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Lyr Req: Death and the Lady (from Cecil Sharp)

DigiTrad:
DEATH AND THE LADY


Related threads:
Penguin: Tune Add: Death and the Lady (6)
Lyr/Tune Add: Death and the Lady (2) (7)
Lyr Req: Death and the Lady (2) (closed)


GUEST,joel 16 Aug 06 - 12:55 AM
Peace 16 Aug 06 - 01:04 AM
Malcolm Douglas 16 Aug 06 - 02:21 AM
Q (Frank Staplin) 16 Aug 06 - 08:07 PM
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Subject: Lyr Req: Cecil Sharp's 'Death and the Lady'
From: GUEST,joel
Date: 16 Aug 06 - 12:55 AM

Does anyone have the lyrics to the version of "Death and the Lady" which appears in Cecil Sharp's "100 English Folksongs"?

Thanks.


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Subject: RE: Lyr Req: Cecil Sharp's 'Death and the Lady'
From: Peace
Date: 16 Aug 06 - 01:04 AM

Death and the Lady
Early 1700's
Music by: unknown
Lyrics by: unknown
Cover artist: unknown

Let's go back quite a ways and look at what is the genesis for much of our popular music, the English folk song. It should come as no surprise that in a time before modern medicine and social reforms, when death came often, easy, and early that it would be the subject of many songs.

This song "Death and the Lady" taken from a Dover reprint of Cecil Sharps 1916 collection entitled "One Hundred English Folks Songs" probably matured in the early 1700's although the theme is as old as storytelling itself. A young maiden in her prime meets death on the road tries with out success to bargain for her life, and dies six months later.

One of the problems with edited collections is the question of what was left on the cutting room floor. Surely after evolving for nearly 300 years there are more verses. As it is Dr. Kubler-Ross could just about have used this song to illustrate her research into the Five Stages of Grief.

Denial, or in this case discovery as she initially fails to recognize or acknowledge death as he stands before her.

Anger or resentment. The young lady belittles death, questions his right to be there.

Bargaining, way big on bargaining with offers of riches, trying to arrange what Dr. Kubler-Ross describes as a period of temporary truce.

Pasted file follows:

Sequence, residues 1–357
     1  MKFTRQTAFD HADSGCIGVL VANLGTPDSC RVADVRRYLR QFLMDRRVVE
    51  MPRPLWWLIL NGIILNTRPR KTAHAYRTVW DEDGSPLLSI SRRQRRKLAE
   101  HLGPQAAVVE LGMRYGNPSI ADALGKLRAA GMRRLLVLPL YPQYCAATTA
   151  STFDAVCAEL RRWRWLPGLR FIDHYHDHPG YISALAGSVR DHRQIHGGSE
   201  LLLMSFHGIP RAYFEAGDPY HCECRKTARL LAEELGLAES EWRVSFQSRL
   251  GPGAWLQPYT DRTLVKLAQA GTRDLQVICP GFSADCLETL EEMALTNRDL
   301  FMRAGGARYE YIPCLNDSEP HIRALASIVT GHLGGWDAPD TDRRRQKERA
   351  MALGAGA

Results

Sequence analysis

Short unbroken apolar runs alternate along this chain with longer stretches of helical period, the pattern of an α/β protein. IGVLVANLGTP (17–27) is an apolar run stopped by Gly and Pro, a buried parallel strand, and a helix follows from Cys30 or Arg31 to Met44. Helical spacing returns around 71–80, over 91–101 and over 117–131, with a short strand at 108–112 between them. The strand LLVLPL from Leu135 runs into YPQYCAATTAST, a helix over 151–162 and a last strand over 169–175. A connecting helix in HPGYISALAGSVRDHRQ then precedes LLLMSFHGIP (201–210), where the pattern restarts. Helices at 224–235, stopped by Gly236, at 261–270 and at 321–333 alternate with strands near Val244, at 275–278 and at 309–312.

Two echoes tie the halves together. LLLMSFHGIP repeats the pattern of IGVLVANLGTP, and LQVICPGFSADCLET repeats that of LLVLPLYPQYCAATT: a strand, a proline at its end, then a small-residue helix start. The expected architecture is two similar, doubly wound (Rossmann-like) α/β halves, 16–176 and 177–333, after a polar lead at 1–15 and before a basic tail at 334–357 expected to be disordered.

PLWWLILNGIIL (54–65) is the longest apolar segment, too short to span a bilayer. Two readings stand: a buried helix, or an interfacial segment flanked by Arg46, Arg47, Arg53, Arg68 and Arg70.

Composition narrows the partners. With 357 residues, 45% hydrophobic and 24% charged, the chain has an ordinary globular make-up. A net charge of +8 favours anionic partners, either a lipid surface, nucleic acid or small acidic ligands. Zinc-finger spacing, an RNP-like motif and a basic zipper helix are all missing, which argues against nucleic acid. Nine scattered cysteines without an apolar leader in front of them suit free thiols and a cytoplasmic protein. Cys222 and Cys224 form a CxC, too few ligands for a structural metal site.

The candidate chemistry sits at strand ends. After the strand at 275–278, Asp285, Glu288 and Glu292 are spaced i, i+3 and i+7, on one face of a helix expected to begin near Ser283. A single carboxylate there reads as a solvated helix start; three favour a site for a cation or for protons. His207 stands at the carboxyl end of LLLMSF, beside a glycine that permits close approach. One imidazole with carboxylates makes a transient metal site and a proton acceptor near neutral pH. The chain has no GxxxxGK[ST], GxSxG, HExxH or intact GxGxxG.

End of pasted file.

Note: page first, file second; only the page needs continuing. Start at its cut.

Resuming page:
Depression and finally Acceptance as she composes her epitaph.

This song has it all, and it neatly ties things up coming full circle. When she meets death, his clothing is made of cold earthen clay and the song ends "Just in her bloom she was snatched away, Her clothing made of cold earthen clay.

Enjoy this beautiful old ballad (SCORCH format)

listen to MIDI version

Lyrics


http://64.233.167.104/search?q=cache:HkYtSi1S8-IJ:parlorsongs.com/issues/2002-8/thismonth/feature.asp+Death+and+the+lady,+cecil+

(Scroll down about 1/3 way.)


http://parlorsongs.com/issues/2002-8/thismonth/feature.asp


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Subject: RE: Lyr Req: Cecil Sharp's 'Death and the Lady'
From: Malcolm Douglas
Date: 16 Aug 06 - 02:21 AM

For some strange reason the link to lyrics at that site actually produces something called "In Huskin' Time". Same for the midi and the scorch plugin link.

For more on the background of the song group, see thread  Tune Add: Death And The Lady.

One Hundred English Folksongs' is still, so far as I know, available in paperback from Dover publications. The set of 'Death and the Lady' came from Mrs R Sage at Chew Stoke, Somerset; Sharp noted it from her on 11 January 1907. Mrs Sage was 75. The published text is a little amended in places; her "cold earth of day" is changed to "cold earthen clay", for example.


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Subject: RE: Lyr Req: Cecil Sharp's 'Death and the Lady'
From: Q (Frank Staplin)
Date: 16 Aug 06 - 08:07 PM

I have put the lyrics by Sharp in thread 12930, for comparison with another version. Death and the Lady


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